Community college dances to protest violence against women

Mary Marshall performs a dance. (NCR photo: Eloísa Pérez-Lozano)

Overland Park, Kan. — On Valentine's Day, approximately 30 people danced and clapped around a room at Johnson County Community College to rise up against violence against women. 

Students, faculty and local community members danced to commemorate the 15th annual V-Day, a campaign that raises awareness each Feb. 14 about violence against girls and women. The global movement is inspired by activist and Tony Award-winning playwright Eve Ensler, author of "The Vagina Monologues."

The movement's new campaign, One Billion Rising, invited people all over the world to stand in solidarity with women and girls by rising up and dancing.

Chemistry professor Gina Egan said plans for the February event began in early January. It is the first time the college has hosted a V-Day event, she said.

The event was sponsored by the college's Amnesty International group, which was formed this year under the supervision of psychology professor Diane Kappen.

Ellen Sheppard, a junior studying environmental science, became involved with Amnesty International earlier this semester. Both Sheppard and Kappen said they believed joining in the One Billion Rising movement was a necessary step for an Amnesty International group to lift off the ground at the college.

"This issue needs to be addressed," Sheppard said. "This is a human rights issue; this is a women's issue."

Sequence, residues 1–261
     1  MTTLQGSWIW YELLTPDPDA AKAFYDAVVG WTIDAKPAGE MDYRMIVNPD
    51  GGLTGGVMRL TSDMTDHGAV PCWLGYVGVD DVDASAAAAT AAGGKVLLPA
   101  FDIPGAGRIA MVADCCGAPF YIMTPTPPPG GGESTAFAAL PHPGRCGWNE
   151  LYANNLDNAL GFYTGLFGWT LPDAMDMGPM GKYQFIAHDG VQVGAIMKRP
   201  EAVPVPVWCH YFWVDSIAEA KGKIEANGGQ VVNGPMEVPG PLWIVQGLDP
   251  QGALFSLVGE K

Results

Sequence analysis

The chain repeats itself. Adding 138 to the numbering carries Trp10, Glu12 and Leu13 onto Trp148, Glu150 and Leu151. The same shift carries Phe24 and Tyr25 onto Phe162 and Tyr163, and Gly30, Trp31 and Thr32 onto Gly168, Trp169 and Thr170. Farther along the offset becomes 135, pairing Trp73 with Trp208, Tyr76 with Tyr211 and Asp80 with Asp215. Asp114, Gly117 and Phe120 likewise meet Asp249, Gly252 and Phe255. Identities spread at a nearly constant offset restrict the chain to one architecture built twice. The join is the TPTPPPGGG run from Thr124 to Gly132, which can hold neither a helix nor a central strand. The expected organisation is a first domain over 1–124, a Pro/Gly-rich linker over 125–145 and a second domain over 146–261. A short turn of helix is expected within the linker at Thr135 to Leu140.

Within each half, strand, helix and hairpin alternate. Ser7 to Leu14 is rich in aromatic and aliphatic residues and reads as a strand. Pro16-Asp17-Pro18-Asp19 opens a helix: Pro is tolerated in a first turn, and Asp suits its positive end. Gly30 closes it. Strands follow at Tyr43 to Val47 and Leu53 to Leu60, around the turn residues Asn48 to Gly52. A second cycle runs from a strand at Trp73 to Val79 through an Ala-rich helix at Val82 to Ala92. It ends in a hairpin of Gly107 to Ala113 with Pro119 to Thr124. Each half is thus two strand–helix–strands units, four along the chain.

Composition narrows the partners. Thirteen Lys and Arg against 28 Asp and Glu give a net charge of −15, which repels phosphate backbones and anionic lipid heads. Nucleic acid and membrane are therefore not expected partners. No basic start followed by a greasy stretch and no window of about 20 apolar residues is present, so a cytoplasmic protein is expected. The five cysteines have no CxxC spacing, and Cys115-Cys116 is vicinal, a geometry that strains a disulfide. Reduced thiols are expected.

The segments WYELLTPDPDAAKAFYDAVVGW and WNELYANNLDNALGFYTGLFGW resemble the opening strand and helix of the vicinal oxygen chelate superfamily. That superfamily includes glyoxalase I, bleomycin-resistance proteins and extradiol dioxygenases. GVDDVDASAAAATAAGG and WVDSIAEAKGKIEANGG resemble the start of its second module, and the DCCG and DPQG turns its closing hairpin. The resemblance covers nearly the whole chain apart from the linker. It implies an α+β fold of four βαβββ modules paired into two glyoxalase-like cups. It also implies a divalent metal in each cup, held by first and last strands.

As people started to arrive at the college's student center and music played over speakers, people were invited to dance in their own way. People of all ages danced alongside each other.

Egan interrupted the freestyle dancing to explain the event and read Ensler's poem "Rising."

"I am here today because I want violence against women and children to stop," Egan said in conclusion. "We need it to stop. And I know it will only stop when we start acknowledging it, start talking about it, and start rising up against it."

"We need to join together, sisters and brothers, and say, 'This is not acceptable,' " Egan said.

As people clapped and cheered for Egan's short speech, the dancing resumed. 

The college will also present a March 30 benefit reading of "A Memory, A Monologue, A Rant and a Prayer: Writings to Stop Violence Against Women and Girls," a collection of monologues by world-renowned authors and playwrights, edited by Ensler and Mollie Doyle.

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